It often seems to me that science fiction films boil down, almost inevitably, to geekish wish-fulfillment fantasies.  They might be ruthlessly skewering that fantasy, as in Watchmen, or conferring it upon a non-geek who never wanted it to begin with, as in District 9, but at the end of the day the science fiction films that Hollywood makes are the ones driven by their creators' inner eight-year-olds, the ones who want to be Han Solo and Kevin Flynn.  I'm no more immune to these fantasies than the next geek, which may be why I haven't managed to develop bullshit detectors for science fiction films.  I know that I should know better, but I can't help but hope that the next new film will sweep me away the way that only a very few have managed to do.  In the past I've found myself breathtakingly angry with some of these curdled fantasies--when they've bought into their inflated sense of coolness or importance, or propagated vicious and hurtful messages--and maybe the reason that I'm so indulgent towards Tron: Legacy is that its version of the wish-fulfillment fantasy is so benign (which is not to say that this film is unproblematic--of the two female characters, one is a good love interest and the other a bad one, and with only a few very minor exceptions the cast is lily-white).  Sam Flynn doesn't want to be a warrior or a starship captain or a hero.  He doesn't want his heroism to be enabled by a native people facing genocide, or a spaceship full of more qualified, more experienced officers, or a woman who is way out of his league.  He just wants to play video games with his father, and gently flirt with a gamine-yet-secretly(-but-really-not-that-secretly)-hot girl.

For all its pretensions to wisdom and philosophical profundity, for all its New Age cladding, Tron: Legacy is still a kids' film, with a kid's aspirations, and a kid's fascination with meaningless minutiae.  It's ridiculous that it was made at all, much less with the expectation of attracting a large audience of ordinary, non-geekish adults who, quite reasonably, go into an effects-laden wannabe blockbuster expecting things like story and characters and fun action scenes to take precedence over the muddled philosophy of machine sentience or a perfect motion-capture recreation of 35-year-old Jeff Bridges's face.  No one who cares about moviemaking should put the latter ahead of the former, and I wouldn't want to create the impression that Tron: Legacy is a stealth masterpiece too esoteric to be appreciated by the muggle horde.  As I said at the beginning of the this post, this is an awful, awful film.  But it's awful in ways that I recognize, and for reasons that I think I can sympathize with, even if I've outgrown them myself.  So I can't help but be a little bit charmed by, and maybe even grateful for, its existence.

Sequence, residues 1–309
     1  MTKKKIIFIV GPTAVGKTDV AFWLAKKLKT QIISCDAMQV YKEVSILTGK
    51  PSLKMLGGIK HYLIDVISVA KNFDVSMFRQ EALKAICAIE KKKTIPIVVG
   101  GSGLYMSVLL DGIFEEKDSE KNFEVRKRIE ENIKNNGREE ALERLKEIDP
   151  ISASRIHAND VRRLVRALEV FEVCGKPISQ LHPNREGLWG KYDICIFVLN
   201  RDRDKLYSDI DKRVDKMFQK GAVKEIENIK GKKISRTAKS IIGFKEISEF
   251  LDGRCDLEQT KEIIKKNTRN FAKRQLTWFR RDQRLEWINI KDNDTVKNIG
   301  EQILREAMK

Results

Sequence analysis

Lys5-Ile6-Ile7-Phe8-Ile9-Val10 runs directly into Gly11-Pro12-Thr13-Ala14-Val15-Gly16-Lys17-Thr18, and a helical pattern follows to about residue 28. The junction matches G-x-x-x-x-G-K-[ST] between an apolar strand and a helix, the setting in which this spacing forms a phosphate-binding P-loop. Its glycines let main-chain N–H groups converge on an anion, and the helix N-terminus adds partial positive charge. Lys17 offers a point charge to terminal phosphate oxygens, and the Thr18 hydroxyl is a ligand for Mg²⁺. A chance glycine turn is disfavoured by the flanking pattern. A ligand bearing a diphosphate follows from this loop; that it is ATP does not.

10 comments:

Adam Roberts said...

We-e-e-e-ll ... I don't want to be the sneery, supercilious Englishman (howevermuch my nationhood has fitted me for the role), but

Sam Flynn doesn't want to be a warrior or a starship captain or a hero. He doesn't want his heroism to be enabled by a native people facing genocide, or a spaceship full of more qualified, more experienced officers, or a woman who is way out of his league.

No? His heroism is indeed enabled by the almost complete genocide of the 'native people' of the Grid. And Sam does indeed want to play with all the cool high-tech toys and cyberbikes and Tie-Fighter-analogues. And Quorra clearly is way out of his league.

ibmiller said...

Hmmm. While I tend to agree that the writing was a bunch of basil-flavored exposition combined with loop-de-loops to nowhere, I think calling Quorra "way out of Sam's league" is oversimplifying quite a bit. Not, Sam's not terribly mature, but neither is he a slacker with an entitlement complex. At no point after he is sucked into Tron does he quibble about wanting to shirk the responsibility of taking the hero role - he tends to be firmly in favor of taking action to save the world, not abdicate.

And I think that the genocides in Avatar and Tron: Legacy affect the hero's role a bit differently - that of the latter seems to enhance, not create the hero's sense of duty.

Abigail Nussbaum said...

I agree with ibmiller, Adam: I never got a sense that Tron: Legacy was about Sam's heroism in the same way that Avatar was about Jake Sully's, or Star Trek was about Jim Kirk's. Yes, he gets to be a hero, but the story doesn't seem to have been waiting for him to arrive, more that he's fallen into it and is now going to play his part - in fact if there's a classic hero in Tron: Legacy I think it's Flynn.

Some of this, of course, is due to the fact that Sam is so faintly sketched, and that his emotions - towards his father and his love interest - are those of a child, not a young man. But this still strikes me as more attractive than the quasi-fascist underpinnings of Avatar or Star Trek.

Anonymous said...

"Clu has cemented his hold on the Grid by promising the other programs freedom from users, which is strange a) because the computer in question has been sitting unused for two decades, and b) because this construction of "free software" acts as a bizarre and thematically confusing pun on the film's opening scene, in which Sam steals the new operating system developed by his father's now-evil software company (think Apple taken over by the staff of Microsoft) and distributes it for free online."